Although he never served in the military, Mr. Fanning has served in high-level jobs in all three services.

He started out of college as a low-level staff member on the House Armed Services Committee. When the committee’s chairman, Representative Les Aspin, was appointed defense secretary by President Bill Clinton in 1993, Mr. Fanning went with him.

But after Mr. Aspin later resigned, Mr. Fanning has said, he did not think there was a future for him in national security in Washington, and he left government and moved to New York.

Over the next decade, Mr. Fanning worked at CBS as a foreign news editor, for a private strategic communications firm and as an executive at a national security think tank. In 2008, he took a job as the deputy director of a commission studying the proliferation of weapons of mass destruction.

Since then, he has served in a series of senior Pentagon positions — deputy under secretary of the Navy, acting secretary of the Air Force, under secretary of the Air Force and then the first chief of staff to Defense Secretary Ashton B. Carter.

After Mr. Obama nominated him to be the secretary of the Army, he served as acting secretary until stepping aside in January in the face of complaints from Mr. McCain that serving on an acting basis was a way around the nomination process.

Later that month, Mr. McCain invited Mr. Fanning to testify before the Armed Services Committee, which approved his nomination and sent it to the Senate floor in March. At that point, Pentagon officials believed Mr. Fanning would receive a vote within days. But Mr. Roberts then reaffirmed a commitment to place a hold on his nomination until he received an assurance from the administration about the detainees.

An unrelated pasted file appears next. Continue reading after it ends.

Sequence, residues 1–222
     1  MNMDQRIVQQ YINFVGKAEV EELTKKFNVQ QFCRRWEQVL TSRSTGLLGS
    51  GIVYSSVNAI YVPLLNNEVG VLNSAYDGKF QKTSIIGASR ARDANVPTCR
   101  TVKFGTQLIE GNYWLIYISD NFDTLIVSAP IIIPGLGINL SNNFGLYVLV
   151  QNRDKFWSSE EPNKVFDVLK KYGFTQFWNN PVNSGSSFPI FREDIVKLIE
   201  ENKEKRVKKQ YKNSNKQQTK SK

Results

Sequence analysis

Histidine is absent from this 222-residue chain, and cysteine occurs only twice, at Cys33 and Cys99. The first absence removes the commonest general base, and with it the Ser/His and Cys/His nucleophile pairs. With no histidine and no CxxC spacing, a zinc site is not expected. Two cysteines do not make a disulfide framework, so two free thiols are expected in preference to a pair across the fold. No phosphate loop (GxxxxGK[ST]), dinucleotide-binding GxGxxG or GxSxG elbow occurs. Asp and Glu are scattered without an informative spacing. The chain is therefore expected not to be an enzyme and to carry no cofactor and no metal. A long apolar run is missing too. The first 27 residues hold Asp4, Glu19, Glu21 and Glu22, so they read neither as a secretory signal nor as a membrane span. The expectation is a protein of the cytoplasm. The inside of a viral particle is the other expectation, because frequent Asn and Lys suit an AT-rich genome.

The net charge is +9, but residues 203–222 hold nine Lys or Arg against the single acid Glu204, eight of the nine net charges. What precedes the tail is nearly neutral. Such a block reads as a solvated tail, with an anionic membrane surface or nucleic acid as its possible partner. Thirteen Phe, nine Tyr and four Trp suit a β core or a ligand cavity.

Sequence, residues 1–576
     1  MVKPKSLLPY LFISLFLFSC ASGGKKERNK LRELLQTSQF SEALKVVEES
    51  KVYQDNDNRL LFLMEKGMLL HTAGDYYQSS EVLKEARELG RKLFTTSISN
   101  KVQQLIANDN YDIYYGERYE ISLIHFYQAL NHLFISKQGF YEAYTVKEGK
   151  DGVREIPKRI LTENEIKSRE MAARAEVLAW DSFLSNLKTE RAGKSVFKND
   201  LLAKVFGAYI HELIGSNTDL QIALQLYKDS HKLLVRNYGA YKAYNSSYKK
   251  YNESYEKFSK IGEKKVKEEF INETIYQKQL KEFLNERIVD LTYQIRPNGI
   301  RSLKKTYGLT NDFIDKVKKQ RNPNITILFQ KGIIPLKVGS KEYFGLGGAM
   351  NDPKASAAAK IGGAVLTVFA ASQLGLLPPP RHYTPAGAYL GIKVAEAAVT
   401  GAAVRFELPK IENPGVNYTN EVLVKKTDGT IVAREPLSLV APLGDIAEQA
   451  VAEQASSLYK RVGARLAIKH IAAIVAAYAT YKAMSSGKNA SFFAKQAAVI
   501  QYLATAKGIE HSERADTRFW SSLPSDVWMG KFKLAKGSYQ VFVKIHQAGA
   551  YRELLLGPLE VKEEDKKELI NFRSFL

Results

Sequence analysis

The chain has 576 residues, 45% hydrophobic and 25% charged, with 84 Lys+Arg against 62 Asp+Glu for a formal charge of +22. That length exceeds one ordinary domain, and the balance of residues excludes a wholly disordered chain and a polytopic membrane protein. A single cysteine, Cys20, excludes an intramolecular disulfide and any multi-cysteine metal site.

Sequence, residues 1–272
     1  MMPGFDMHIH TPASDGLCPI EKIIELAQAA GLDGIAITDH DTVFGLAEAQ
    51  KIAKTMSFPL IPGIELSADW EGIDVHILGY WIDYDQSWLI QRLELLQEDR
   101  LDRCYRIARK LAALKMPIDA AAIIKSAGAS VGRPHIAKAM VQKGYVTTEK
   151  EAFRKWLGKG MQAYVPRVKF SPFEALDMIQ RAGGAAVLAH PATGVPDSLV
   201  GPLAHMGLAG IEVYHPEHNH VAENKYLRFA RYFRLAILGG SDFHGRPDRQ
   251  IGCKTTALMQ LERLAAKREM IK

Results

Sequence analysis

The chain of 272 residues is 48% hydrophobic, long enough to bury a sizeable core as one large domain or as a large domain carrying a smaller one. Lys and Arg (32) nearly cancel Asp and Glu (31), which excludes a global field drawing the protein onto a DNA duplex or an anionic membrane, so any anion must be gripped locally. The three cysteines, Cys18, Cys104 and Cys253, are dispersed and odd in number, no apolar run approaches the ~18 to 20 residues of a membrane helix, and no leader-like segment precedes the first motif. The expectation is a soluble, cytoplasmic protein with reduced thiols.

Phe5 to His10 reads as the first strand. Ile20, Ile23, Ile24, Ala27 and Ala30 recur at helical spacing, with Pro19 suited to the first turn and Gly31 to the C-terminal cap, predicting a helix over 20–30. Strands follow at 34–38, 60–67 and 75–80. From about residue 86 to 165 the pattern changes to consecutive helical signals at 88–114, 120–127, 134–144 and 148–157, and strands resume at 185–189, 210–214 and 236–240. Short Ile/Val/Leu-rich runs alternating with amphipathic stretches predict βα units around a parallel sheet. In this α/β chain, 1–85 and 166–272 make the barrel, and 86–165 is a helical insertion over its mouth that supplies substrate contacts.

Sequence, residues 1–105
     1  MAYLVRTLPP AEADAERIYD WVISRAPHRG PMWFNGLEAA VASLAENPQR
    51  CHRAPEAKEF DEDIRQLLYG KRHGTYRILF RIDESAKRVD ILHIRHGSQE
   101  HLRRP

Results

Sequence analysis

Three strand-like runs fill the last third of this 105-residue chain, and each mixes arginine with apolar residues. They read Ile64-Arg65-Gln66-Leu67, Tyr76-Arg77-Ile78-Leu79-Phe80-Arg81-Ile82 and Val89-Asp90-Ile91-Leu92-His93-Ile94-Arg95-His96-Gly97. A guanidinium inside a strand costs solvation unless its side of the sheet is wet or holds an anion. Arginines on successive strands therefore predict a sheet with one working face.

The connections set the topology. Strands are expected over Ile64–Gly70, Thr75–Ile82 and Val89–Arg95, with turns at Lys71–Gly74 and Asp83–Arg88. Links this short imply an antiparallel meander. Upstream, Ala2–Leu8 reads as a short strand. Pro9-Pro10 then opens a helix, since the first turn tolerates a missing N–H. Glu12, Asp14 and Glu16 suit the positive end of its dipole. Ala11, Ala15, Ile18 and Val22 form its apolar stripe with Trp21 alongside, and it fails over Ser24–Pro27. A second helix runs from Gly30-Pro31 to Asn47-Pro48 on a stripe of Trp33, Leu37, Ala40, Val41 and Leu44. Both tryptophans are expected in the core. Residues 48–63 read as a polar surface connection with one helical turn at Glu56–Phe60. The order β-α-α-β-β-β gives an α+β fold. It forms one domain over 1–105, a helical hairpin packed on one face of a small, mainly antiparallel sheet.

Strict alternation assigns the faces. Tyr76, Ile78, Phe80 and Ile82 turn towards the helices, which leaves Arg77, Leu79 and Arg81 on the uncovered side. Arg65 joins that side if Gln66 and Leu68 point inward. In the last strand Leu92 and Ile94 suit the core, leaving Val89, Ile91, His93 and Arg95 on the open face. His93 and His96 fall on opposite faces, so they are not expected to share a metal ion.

“He has completed all the requirements and come through the committee,” Mr. McCain said in an interview, “and he would have no authority whatsoever over the issue of where to relocate the prisoners who are being held at Guantánamo.”

In response to questions about Mr. Fanning’s nomination, a spokeswoman for Mr. Roberts referred a reporter to statements he had made on the floor. Mr. Roberts said in the statements that he had no issue with Mr. Fanning, but was concerned about the security of the men and women working at Fort Leavenworth and living in the region if the detainees were moved there.

“This happens quite often where you have a hold, but it usually resolves itself when the senator has made their point,” said Todd Harrison, a senior fellow at the Center for Strategic and International Studies. He said Mr. Fanning was probably the most qualified nominee the Obama administration had put forward for a Pentagon position in recent years.

“The point has been made, and we’re now getting pretty late in the administration,” Mr. Harrison said. “If he’s not confirmed soon, it won’t make much sense for him or the Army to go forward.”

Mr. Fanning declined to comment on Tuesday about his confirmation prospects. “The White House and Senator McCain are working on this very hard, and they prefer that nominees stay in a radio silent mode,” he said.